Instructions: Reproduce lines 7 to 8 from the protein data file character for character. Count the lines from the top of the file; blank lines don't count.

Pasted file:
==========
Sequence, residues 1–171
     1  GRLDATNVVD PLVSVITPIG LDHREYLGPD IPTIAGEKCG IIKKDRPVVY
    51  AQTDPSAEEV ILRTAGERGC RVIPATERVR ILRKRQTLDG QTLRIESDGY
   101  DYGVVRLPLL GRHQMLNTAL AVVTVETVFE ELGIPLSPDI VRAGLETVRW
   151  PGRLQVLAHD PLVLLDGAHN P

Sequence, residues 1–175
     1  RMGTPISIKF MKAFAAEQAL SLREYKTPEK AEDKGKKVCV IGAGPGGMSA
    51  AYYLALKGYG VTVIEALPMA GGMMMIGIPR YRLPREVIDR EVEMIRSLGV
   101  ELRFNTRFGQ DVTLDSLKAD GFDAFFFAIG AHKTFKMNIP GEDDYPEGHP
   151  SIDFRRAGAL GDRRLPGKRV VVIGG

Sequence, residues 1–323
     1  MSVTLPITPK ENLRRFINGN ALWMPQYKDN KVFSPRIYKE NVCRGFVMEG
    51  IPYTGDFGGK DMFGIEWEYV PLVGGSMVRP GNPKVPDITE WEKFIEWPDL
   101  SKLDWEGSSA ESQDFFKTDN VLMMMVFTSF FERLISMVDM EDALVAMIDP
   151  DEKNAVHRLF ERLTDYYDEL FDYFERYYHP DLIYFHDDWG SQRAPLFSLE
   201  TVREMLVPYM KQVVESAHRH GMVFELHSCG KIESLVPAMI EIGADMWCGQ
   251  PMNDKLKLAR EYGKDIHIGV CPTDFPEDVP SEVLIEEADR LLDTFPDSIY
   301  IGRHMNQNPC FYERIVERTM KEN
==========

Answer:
     1  RMGTPISIKF MKAFAAEQAL SLREYKTPEK AEDKGKKVCV IGAGPGGMSA
    51  AYYLALKGYG VTVIEALPMA GGMMMIGIPR YRLPREVIDR EVEMIRSLGV